• Japanese Politeness: While the wrestlers coming out of here are notorious for being anything but, the crowds who attend New Japan have become increasingly nice and subdued as time went on, especially after a riot against Vader beating Antonio Inoki lead to New Japan being banned from its first home venue, Sumo Hall. Later at NJPW Power Struggle 2012 when Alex Koslov demanded that they rise for the singing of the Russian National Anthem, they complied and politely clapped when he was done!
  • Jerkass: Minoru Suzuki.
    • The former yokozuna Koji Kitao. He had a notorious hostility with Riki Choshu, who thought Kitao didn't deserve his push, and was fired for taunting him with ethnic discriminationnote .
    • Akira Maeda is an older example.
  • Jerkass Has a Point: Kevin Kelly often questioned occasional fellow commentator Gino Gambino about why he saluted fellow Bullet Club member Bad Luck Fale during entrances. Gambino replied that Fale was "a war hero", which sounds like a silly thing to say but the Bullet Club OG members did wrestle control of the stable from The Elite in their own private civil war separate from the overarching NJPW faction war.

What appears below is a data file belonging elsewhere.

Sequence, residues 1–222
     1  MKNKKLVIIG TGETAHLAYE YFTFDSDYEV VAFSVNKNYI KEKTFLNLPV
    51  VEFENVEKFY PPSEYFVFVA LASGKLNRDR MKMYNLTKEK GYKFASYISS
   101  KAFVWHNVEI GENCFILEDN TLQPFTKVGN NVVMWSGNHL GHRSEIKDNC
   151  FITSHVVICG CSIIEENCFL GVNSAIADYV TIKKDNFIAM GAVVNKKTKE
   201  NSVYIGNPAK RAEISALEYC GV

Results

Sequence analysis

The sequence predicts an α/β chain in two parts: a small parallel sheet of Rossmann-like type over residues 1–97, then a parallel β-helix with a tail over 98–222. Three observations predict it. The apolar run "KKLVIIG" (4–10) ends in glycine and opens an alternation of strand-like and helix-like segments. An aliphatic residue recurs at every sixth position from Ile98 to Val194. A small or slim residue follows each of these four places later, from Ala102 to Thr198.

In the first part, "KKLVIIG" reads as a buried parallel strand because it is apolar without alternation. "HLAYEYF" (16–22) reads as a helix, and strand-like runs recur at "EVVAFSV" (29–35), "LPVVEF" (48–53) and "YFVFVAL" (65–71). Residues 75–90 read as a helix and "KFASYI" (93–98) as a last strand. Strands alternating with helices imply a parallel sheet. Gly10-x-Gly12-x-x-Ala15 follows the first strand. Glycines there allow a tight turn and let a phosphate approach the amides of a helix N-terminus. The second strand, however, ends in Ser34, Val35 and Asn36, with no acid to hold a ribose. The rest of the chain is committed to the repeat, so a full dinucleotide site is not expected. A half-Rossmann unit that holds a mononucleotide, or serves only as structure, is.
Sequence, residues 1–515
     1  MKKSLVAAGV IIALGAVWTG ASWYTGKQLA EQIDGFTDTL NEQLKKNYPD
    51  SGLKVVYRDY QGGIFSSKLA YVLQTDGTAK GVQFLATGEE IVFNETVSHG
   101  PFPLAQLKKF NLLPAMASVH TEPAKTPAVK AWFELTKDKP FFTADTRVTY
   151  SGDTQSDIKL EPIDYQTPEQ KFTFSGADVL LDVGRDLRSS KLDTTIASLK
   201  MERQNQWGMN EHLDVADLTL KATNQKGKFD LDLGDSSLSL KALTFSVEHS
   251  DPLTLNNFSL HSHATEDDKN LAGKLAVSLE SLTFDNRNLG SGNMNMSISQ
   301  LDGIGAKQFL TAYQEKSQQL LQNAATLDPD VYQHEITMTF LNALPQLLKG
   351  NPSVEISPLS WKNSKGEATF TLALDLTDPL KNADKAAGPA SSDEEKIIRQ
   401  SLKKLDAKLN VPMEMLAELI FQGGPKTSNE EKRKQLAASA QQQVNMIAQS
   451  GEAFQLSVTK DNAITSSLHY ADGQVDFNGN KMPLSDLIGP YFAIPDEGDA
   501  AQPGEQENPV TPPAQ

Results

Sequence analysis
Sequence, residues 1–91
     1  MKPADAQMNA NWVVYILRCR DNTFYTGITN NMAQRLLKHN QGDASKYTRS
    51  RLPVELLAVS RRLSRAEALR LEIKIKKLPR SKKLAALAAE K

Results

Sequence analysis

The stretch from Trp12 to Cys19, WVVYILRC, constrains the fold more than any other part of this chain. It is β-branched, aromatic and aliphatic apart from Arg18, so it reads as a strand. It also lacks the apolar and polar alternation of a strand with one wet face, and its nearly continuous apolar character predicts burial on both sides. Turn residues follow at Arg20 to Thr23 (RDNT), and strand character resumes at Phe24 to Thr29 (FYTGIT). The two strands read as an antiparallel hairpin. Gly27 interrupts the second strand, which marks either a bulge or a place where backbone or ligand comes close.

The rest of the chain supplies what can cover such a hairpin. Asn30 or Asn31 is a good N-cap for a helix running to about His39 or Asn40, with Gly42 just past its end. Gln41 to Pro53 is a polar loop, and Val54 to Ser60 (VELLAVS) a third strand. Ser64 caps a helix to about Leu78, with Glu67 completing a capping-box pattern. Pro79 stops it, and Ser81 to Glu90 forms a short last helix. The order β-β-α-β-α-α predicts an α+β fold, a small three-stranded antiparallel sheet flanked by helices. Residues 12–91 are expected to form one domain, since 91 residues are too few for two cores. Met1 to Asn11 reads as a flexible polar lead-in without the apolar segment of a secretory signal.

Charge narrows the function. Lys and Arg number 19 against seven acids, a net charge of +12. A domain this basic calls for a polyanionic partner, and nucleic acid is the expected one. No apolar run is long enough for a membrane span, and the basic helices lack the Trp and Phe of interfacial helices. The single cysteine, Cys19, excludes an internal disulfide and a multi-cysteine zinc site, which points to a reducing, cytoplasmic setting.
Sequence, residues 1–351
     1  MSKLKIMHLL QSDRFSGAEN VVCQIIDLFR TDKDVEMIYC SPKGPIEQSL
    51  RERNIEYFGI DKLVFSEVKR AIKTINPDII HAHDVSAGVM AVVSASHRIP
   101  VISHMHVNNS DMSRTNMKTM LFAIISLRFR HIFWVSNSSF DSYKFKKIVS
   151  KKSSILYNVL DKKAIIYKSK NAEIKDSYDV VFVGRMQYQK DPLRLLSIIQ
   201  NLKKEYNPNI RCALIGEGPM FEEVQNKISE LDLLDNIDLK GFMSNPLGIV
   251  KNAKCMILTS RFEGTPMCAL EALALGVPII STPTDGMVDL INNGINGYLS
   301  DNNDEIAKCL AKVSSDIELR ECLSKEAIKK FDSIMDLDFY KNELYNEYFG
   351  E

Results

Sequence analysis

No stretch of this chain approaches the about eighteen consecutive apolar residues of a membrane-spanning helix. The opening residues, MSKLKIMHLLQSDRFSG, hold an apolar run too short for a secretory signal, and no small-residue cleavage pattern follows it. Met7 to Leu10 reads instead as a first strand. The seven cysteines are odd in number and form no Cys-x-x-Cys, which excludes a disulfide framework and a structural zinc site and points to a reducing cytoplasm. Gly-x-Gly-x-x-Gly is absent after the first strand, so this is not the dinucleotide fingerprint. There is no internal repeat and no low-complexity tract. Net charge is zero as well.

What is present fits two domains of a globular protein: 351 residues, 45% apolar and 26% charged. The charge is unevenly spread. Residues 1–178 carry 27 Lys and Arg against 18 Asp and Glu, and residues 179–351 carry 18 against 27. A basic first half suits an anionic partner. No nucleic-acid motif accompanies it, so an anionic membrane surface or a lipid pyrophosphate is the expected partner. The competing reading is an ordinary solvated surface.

• Jobber: Young Lions are this by design. The IWGP deliberately restricts what moves they're allowed to do in order to make them more predictable and only allows them to do more things when they've proven sufficient mastery over their limited repertoires. And even then it usually coincides with a "learning excursion" where they're trust into a completely new environment which usually results in them losing even more while they try to adapt.
  • Kick Them While They Are Down: Akira Maeda did this against Riki Choshu during his consequently last match in New Japan.
  • Lantern Jaw of Justice: Antonio Inoki.
  • Left Hanging: At least in Western sources, it has never been revealed who was the man with the white mask who helped Naoya Ogawa and Kazunari Murakami in their feud with Riki Choshu in 2001.